What does the purchase earlier this month of nearly 96 percent of Mexican facilities-based telecommunications provider Maxcom Telecomunicaciones by US-headquartered digital infrastructure service provider Transtelco mean for the Mexican fibre market?
As we reported at the time, the Transtelco bid was launched in September. Transtelco, based in Texas, now owns 95.55 percent of the Mexican company.
There’s no doubt that this deal will, as local reports have indicated, boost Transtelco in the Mexican market, extend its fibre presence and expand its customer base.
In addition, according to local news reports, there are obvious synergies to this deal. Having sold off its mass-market triple play business, Maxcom’s recent focus has been on the provision of data transport services, internet and last-mile fibre optic connectivity for corporations and governments. After the two companies’ assets have been combined, Transtelco will have a 25,000 kilometre fibre optic network throughout the US and Mexico.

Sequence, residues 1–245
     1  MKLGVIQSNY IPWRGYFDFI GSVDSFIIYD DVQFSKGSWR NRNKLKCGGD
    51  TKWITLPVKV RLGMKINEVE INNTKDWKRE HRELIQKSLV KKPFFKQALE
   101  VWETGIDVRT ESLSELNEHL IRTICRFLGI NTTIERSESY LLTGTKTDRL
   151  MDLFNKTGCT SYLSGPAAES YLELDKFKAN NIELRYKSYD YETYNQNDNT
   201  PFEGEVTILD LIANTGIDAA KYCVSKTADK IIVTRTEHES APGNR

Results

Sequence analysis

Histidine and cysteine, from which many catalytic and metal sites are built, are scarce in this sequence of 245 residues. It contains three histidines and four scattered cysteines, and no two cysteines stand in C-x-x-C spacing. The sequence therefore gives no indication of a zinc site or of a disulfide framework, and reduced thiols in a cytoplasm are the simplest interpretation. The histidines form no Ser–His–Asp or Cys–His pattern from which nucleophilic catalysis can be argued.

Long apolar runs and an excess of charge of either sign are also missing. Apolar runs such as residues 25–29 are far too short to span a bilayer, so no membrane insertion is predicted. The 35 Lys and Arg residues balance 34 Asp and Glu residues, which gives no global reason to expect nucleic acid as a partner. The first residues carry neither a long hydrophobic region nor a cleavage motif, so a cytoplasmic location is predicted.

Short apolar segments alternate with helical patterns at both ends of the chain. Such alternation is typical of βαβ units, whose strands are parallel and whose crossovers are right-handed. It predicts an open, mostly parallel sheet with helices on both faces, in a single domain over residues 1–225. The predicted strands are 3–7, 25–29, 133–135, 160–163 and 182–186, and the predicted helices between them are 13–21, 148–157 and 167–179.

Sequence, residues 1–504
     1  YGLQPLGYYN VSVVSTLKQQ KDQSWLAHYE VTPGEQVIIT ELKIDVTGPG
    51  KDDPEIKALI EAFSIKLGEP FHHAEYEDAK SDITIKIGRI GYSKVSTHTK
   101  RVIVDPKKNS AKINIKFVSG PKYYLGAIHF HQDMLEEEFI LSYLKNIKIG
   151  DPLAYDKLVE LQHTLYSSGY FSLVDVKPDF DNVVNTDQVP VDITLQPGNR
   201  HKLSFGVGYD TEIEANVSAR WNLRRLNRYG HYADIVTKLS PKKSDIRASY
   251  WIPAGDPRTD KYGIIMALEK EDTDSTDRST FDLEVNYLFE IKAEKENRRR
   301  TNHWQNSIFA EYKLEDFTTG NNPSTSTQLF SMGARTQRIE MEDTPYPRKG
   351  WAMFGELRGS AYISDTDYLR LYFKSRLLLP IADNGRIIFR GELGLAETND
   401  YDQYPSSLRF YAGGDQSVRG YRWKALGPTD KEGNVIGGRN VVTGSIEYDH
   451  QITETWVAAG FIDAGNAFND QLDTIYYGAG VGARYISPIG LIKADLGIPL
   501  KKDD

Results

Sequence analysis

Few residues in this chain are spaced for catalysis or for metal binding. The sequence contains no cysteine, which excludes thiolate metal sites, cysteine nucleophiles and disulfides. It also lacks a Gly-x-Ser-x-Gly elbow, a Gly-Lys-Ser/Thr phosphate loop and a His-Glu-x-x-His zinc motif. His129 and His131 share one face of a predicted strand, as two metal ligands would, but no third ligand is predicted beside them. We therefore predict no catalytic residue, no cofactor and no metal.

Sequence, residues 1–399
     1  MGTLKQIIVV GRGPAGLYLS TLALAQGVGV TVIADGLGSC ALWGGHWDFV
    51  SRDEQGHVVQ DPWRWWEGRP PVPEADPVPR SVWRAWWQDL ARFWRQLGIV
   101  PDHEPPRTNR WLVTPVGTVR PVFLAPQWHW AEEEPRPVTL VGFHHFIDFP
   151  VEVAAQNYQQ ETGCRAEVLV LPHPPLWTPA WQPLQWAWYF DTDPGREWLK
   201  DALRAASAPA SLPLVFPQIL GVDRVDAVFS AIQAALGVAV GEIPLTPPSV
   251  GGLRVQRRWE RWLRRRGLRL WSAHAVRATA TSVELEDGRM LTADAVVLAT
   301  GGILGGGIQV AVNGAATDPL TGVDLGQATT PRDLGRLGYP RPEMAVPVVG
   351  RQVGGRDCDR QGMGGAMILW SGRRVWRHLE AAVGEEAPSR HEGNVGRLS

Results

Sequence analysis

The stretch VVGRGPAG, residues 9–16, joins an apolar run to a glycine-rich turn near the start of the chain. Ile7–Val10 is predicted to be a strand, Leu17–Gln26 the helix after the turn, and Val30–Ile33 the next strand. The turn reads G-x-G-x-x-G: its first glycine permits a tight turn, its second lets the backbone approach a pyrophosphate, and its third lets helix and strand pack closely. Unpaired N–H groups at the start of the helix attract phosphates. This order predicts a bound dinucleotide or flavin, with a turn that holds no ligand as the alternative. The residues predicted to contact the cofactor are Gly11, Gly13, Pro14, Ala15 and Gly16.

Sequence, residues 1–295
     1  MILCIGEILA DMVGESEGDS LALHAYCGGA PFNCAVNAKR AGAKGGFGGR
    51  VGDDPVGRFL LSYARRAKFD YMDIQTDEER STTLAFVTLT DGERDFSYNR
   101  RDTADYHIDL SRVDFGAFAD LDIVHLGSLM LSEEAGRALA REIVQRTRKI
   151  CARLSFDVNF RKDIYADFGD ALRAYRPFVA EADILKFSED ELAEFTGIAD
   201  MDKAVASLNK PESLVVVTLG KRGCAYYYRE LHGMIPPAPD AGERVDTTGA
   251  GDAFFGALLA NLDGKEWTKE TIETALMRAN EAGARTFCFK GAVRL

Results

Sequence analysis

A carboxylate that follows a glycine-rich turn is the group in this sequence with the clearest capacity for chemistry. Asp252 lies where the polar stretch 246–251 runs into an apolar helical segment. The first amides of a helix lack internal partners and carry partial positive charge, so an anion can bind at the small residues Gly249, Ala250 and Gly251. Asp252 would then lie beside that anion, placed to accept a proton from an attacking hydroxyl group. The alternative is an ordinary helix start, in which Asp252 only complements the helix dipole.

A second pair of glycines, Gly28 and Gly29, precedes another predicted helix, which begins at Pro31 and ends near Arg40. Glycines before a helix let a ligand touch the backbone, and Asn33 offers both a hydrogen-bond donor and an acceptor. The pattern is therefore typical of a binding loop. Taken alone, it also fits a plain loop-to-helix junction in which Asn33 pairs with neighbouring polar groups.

A lot of Transtelco’s installed infrastructure is said to be on the border between the United States and Mexico. However, the purchase of Maxcom gives Transtelco a stronger presence elsewhere in Mexico, notably because Maxcom's fibre optic network has points of presence in some of the country’s largest cities.
The alliance also creates a competitor to brands with an established presence in Mexico. Transtelco remains some way behind Bestel, which has installed an estimated 70,000 kilometres of fibre in Mexico, though is now ahead of others, such as Neutral Networks and Centurylink.
Whatever else can be assumed, there is no doubt strong potential for Transtelco to challenge established players – and it seems the company has ambitions to do just that. It has stated that Transtelco and Maxcom's combined networks possess unique routes to move traffic to and from the United States, Mexico and the rest of the Americas.